Peabody Energy, the biggest coal company in the US, announced that it might file for bankruptcy. Many other coal companies have recently been swallowed up by a wave of bankruptcies. Declining coal prices and the Obama administration’s commitment to the Paris agreement are putting immense pressure on coal companies. John Dyer reports from Boston.
America’s biggest coal company is teetering on the edge of bankruptcy. The St. Louis-based Peabody Energy notified the U.S. Securities and Exchange Commission that it might voluntarily seek protection under chapter 11 of the U.S. bankruptcy code.
“We may not have sufficient liquidity to sustain operations and to continue as a going concern,” the company wrote on Wednesday.
Peabody operates 26 mines in the US and Australia. It has lost money in the last nine quarters and posted a USD 2 billion deficit last year. The company currently owes USD 6.3 billion to creditors.
Bad gamble in Australia
Peabody now has a 30-day grace period on its debt payments. But if that grace period ends without a deal with its creditors, Peabody will go into default.
Some of those payments are connected to the company’s purchase of the Australia-based Macarthur Coal for USD 5.1 billion in 2011. That buy has proven to be disastrously timed. Peabody acquired Macarthur when Chinese demand for coal for steel production was high, but that demand has slumped markedly in the past year.
Peabody was hoping to hold onto the Australian mines until the Chinese economy rebounds by selling three mines in the American west. But the potential purchaser, Bowie Resource Partners, pulled out last month due to the drastic decline in coal prices.
Less steel means less coal
Peabody is not the first American coal mining company to face serious trouble. Alpha Natural Resources, Arch Coal Patriot Coal Corporation and Walter Energy are all winding their ways through federal bankruptcy court now.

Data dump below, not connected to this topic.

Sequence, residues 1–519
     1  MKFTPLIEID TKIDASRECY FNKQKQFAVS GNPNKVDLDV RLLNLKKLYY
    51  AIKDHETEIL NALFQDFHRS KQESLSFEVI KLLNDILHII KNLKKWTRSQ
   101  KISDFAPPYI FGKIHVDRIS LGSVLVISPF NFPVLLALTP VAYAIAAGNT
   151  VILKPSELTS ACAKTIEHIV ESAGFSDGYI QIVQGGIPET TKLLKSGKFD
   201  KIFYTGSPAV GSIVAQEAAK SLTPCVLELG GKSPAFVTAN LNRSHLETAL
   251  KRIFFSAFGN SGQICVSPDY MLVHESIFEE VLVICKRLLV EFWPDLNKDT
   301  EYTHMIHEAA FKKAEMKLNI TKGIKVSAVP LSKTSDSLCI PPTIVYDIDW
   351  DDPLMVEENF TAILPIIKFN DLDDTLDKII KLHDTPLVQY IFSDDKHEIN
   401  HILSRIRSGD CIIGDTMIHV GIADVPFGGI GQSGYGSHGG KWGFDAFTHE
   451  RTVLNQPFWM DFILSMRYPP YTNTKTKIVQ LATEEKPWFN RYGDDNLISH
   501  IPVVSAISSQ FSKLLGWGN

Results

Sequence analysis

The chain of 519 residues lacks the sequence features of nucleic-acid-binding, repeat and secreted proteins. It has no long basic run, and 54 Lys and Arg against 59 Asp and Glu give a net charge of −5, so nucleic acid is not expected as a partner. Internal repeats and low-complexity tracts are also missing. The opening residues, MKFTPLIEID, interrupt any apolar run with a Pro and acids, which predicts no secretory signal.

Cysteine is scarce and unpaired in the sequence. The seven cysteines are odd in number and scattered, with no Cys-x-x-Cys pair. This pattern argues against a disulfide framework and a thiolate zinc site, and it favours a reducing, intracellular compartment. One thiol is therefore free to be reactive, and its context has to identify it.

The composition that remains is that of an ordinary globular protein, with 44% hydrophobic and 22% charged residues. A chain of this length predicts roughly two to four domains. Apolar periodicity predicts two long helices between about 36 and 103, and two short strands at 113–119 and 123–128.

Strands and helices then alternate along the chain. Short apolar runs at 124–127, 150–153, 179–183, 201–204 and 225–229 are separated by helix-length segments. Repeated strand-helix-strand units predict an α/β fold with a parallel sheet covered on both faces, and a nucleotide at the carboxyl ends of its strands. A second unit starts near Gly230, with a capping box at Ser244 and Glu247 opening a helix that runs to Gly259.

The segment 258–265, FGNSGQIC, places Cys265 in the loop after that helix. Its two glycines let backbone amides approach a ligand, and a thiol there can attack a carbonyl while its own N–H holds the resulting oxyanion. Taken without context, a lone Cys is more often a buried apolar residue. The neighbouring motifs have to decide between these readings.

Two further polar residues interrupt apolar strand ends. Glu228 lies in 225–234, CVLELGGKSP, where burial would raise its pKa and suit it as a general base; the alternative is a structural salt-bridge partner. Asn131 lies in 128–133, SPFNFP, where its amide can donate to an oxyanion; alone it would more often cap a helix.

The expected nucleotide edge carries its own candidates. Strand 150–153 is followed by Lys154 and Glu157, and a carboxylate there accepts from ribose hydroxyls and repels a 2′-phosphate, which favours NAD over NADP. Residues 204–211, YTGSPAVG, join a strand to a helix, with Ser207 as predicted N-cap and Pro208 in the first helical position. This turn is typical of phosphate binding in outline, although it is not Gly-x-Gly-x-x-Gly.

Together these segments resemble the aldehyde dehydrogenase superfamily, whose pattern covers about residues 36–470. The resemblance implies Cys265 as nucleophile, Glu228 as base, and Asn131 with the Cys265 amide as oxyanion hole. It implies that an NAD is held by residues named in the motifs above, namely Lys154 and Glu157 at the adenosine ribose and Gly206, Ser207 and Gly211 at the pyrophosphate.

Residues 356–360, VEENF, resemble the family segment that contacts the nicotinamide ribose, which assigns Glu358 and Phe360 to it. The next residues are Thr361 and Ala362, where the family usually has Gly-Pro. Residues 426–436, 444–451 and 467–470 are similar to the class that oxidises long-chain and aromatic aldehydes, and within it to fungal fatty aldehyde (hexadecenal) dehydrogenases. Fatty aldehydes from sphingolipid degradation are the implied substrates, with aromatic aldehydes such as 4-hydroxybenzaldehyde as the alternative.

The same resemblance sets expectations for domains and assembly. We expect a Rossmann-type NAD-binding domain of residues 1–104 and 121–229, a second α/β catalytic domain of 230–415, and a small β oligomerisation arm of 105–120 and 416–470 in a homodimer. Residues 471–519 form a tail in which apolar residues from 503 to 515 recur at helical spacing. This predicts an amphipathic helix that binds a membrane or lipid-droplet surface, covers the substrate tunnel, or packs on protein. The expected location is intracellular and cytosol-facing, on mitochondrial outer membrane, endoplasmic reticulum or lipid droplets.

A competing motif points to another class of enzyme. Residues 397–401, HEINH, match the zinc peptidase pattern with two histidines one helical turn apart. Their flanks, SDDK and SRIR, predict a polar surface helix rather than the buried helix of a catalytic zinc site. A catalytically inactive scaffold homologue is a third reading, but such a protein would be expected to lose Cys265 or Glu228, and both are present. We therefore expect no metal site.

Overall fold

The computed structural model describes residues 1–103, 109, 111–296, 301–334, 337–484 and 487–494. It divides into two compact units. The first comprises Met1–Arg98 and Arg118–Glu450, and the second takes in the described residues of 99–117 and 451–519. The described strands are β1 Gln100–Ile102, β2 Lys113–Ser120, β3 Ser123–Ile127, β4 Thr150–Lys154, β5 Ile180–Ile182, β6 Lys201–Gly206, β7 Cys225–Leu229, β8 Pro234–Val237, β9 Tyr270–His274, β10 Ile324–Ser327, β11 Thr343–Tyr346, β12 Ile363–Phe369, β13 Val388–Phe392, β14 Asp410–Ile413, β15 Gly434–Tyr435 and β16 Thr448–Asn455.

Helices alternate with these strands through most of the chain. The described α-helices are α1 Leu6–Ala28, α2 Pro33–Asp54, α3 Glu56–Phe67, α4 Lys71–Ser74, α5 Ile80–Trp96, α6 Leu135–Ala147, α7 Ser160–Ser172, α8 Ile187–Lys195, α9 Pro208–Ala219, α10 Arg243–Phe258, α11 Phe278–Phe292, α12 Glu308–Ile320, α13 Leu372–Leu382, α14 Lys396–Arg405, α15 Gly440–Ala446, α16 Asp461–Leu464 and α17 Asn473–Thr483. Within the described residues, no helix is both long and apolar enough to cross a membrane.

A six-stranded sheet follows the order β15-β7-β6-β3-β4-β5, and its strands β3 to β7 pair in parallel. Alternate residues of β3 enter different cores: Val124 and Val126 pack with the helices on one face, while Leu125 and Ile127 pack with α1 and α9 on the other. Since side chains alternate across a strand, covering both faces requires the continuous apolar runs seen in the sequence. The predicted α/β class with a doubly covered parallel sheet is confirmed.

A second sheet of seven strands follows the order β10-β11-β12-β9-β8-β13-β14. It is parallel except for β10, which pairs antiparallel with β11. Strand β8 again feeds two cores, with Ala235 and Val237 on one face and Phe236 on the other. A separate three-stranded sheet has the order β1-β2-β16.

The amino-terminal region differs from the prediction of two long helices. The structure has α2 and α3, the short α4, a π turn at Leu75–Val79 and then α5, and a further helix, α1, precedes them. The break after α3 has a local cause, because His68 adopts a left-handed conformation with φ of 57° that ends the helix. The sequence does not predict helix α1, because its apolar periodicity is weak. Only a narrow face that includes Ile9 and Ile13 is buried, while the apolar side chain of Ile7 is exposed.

The pressure on coal companies is manifold. The price of coal has plummeted 62 per cent since 2011, according to the U.S. Energy Information Administration. Waning global steel production and growing concerns about coal’s role in climate change has led customers and governments alike to seek out cleaner alternatives.
Obama committed to Paris agreement
President Barack Obama is now waging a court fight to implement his plans to cut carbon emissions from American coal-fired plants to comply with climate change agreements reached in Paris last year.
On Sunday, during a Democratic Party presidential nomination debate, nominee frontrunner Hillary Clinton said her goal of boosting renewable energy would also require a plan to help coal-mining communities in Republican-leaning states like Kentucky, West Virginia and Wyoming.
“We’re going to put a lot of coal miners and coal companies out of business,” she said.
The US now generates around a third of its electricity using coal. But the U.S. Energy Information Administration on Wednesday released a report that said natural gas-fired plants – many converted from coal – would produce slightly more than coal-fired generators this year. In 2008, coal provided half of the US’s electricity.
In an e-mail to the press, Peabody Chief Executive Glenn Kellow said he was sure the company would continue to operate in the future. “Coal will continue to be a fundamental part of the energy mix for many decades to come.”
The U.S. Environmental Protection Agency figures suggest otherwise. It predicts that coal miners would haul 770 million metric tonnes this year, down from 990 million metric tonnes in 2015. While it’s not much of a decline, it does indicate a downward trend – and one that environmentalists hope will continue.